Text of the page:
he interpretation of a gambeson that I make is designed for use in SCA armored combat.  I have also made them for MMA (Medieval Martial Arts) use and as costumes.  The version I’m discussing here is my standard fighting version.






use the most durable materials to ensure a long and useful life for the garment.  The outer shell is heavy weight denim.  I mostly sell black, but have expanded to other colors including blue, gold (yellow), green, purple, red, and white.  I have also done them in brocade and linen, though both those fabrics require all the pieces to be overlocked/serged.  Brocade is especially susceptible to showing wear very quickly.  I have to charge extra for that, and I can’t guarantee that they’ll hold up to the expected wear and tear like the denim does.  I have also done them in multiple colors, but I’ll discuss that later.

Padding is made of Warm and Natural, a cotton felt batting used in quilting.  I have done them with moving pads as the padding, but the quality of pads went downhill a few years ago, so I can’t vouch for their materials, but they do make a much stouter garment.

Linings are made out of cotton, a simple layer that is bag lined is put in at the end of the process, so it’s not quilted in with the outer shell and the padding.  The edges are topstitched around the perimeter of the garment to ensure durability.





My Juki LU-563 Walking foot machine with a six amp motor.


ll the pieces are sewn together using upholstery thread.  The layout takes most of a day because before assembly there are 20 pieces to the outer shell and 20 for the inner shell.  The padding is only the body and the outside of the upper arms, thus it’s only eight pieces.  For ease of movement and heat dissipation there is no padding on the under arm, the forearm or inner elbow area.

After the outer shell is assembled, the padding is put together and then carefully pinned and quilted to the outer shell.  Once the whole thing is quilted, the elbow pads are sewn in.  I use commercial athletic pads bought at the sporting goods store.  They’ve never asked me why I buy a dozen sets at a time, go figure.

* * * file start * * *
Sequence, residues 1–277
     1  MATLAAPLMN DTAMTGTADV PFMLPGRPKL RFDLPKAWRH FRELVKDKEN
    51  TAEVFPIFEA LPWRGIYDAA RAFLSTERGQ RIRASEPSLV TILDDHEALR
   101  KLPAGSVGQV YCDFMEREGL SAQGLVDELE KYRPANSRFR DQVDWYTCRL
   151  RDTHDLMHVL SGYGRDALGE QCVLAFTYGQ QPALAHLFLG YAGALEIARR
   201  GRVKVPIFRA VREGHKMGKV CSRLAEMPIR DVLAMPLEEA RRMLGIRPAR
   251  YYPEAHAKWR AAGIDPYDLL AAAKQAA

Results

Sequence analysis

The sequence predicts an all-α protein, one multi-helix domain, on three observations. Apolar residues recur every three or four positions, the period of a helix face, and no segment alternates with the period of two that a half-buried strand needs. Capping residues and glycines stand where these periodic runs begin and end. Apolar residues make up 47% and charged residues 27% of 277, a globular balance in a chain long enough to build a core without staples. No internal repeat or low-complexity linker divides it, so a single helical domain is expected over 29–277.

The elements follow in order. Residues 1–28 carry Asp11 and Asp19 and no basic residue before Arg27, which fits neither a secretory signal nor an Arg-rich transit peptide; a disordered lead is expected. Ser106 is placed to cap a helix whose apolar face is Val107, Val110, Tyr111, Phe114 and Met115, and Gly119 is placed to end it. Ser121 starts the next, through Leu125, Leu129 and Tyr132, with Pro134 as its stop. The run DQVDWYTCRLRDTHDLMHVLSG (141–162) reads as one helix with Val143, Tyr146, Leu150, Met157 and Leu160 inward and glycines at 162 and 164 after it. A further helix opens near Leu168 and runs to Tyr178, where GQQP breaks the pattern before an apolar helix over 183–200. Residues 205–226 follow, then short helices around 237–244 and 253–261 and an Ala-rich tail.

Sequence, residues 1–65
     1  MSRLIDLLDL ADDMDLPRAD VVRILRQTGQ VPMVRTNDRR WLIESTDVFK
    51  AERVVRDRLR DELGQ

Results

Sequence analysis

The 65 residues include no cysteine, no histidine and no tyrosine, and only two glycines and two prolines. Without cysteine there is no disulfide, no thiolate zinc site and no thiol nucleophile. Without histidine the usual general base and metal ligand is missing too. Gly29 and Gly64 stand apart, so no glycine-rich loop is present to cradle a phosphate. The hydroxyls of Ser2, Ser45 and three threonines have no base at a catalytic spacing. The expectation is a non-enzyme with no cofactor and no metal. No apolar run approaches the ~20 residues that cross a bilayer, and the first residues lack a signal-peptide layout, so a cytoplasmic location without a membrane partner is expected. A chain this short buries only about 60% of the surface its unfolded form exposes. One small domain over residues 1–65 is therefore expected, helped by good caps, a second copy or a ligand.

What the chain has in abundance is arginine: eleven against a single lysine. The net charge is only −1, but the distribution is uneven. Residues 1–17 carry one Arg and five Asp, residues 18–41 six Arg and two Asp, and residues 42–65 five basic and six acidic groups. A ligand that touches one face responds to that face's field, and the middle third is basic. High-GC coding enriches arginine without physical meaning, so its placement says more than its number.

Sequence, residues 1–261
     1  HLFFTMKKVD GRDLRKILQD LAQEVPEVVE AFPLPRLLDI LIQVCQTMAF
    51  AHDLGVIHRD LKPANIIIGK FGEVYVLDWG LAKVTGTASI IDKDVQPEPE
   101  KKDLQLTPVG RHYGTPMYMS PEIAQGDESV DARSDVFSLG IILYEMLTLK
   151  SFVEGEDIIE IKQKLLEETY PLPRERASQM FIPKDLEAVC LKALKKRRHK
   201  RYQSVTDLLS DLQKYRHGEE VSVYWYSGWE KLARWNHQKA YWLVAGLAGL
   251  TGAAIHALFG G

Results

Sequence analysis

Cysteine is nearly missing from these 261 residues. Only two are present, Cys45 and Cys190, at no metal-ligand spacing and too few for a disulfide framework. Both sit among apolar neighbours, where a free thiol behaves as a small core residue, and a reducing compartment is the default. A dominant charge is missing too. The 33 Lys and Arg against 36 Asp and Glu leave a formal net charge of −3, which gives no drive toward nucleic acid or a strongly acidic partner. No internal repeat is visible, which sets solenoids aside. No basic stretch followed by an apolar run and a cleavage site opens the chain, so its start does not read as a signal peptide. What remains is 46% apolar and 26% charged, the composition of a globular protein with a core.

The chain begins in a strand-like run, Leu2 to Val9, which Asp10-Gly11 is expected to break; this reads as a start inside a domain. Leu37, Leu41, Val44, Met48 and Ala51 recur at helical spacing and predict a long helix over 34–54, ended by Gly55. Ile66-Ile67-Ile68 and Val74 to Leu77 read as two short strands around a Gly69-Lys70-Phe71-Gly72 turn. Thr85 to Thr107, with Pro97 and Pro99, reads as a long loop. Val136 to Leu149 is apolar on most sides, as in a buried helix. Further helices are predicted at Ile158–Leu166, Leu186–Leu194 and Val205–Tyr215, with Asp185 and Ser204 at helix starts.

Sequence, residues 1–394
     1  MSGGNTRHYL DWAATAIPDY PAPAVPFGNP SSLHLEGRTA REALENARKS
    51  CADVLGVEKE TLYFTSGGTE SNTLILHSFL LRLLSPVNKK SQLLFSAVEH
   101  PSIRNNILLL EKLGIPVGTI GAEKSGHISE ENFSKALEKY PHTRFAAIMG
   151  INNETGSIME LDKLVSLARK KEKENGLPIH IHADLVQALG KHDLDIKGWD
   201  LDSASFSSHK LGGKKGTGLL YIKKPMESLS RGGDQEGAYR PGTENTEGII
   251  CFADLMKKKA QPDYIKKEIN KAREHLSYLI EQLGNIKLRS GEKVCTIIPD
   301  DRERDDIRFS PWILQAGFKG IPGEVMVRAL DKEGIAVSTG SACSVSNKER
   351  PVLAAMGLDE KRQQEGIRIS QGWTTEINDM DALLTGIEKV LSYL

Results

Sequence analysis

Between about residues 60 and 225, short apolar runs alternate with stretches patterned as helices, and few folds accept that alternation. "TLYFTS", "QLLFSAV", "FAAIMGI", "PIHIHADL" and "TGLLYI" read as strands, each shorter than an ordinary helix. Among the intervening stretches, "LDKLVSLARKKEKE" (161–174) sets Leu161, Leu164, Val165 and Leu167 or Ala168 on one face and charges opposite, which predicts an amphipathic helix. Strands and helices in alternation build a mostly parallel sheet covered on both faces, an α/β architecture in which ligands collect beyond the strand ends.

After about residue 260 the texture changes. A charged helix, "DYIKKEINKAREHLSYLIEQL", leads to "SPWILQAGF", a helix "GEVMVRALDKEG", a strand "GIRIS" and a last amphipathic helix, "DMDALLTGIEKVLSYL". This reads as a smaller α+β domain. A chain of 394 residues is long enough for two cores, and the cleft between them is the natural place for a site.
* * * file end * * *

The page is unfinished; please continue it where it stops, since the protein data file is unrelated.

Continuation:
Layout of quilting lines just before I take it to the machine and quilt it.

The elbow pads are located at the seam where the upper arms and lower arms meet.  I have done gambesons without elbow pads on request, though there is no discount for skipping this step.  The biggest advantage of sewing the pads on is that they allow the wearer to have padding without the discomfort of having the elastic biting into the inside of the elbow all day.

At the top edge of the elbow pad, I sew a leather strap, sort of like a regular belt loop.  I tie a regular hiking boot lace to it as an arming point.  I also sew a pair on the shoulders to attach the spaulders, or shoulder armor.

The advantage of tying the arm harness to the gambeson is that you can tie your arm harness on before you don the gambeson, at which point you need only fasten whatever straps you have to secure your arm harness to you.

Buttons are either metal covered with matching fabric, which I have made at a local upholstery shop, or all metal.  Button holes are done with a Necchi industrial sewing machine.  The buttons are secured with more upholstery thread, but no matter how much I sew them down, they are never eternally secure.  Typically I include a spare button or two.

I have made custom orders with a standing collar.  The one depicted in Brian R. Price’s book, Techniques Of Medieval Armour Reproduction: The 14th Century Paladin Press, 2000, on page 300, has such a collar.  I also made one for myself to see how it worked.  I wasn’t happy with the heat retention and strongly suggest against such an addition.  The few that I’ve made have had no repeats, and the original inspiration had no such collar.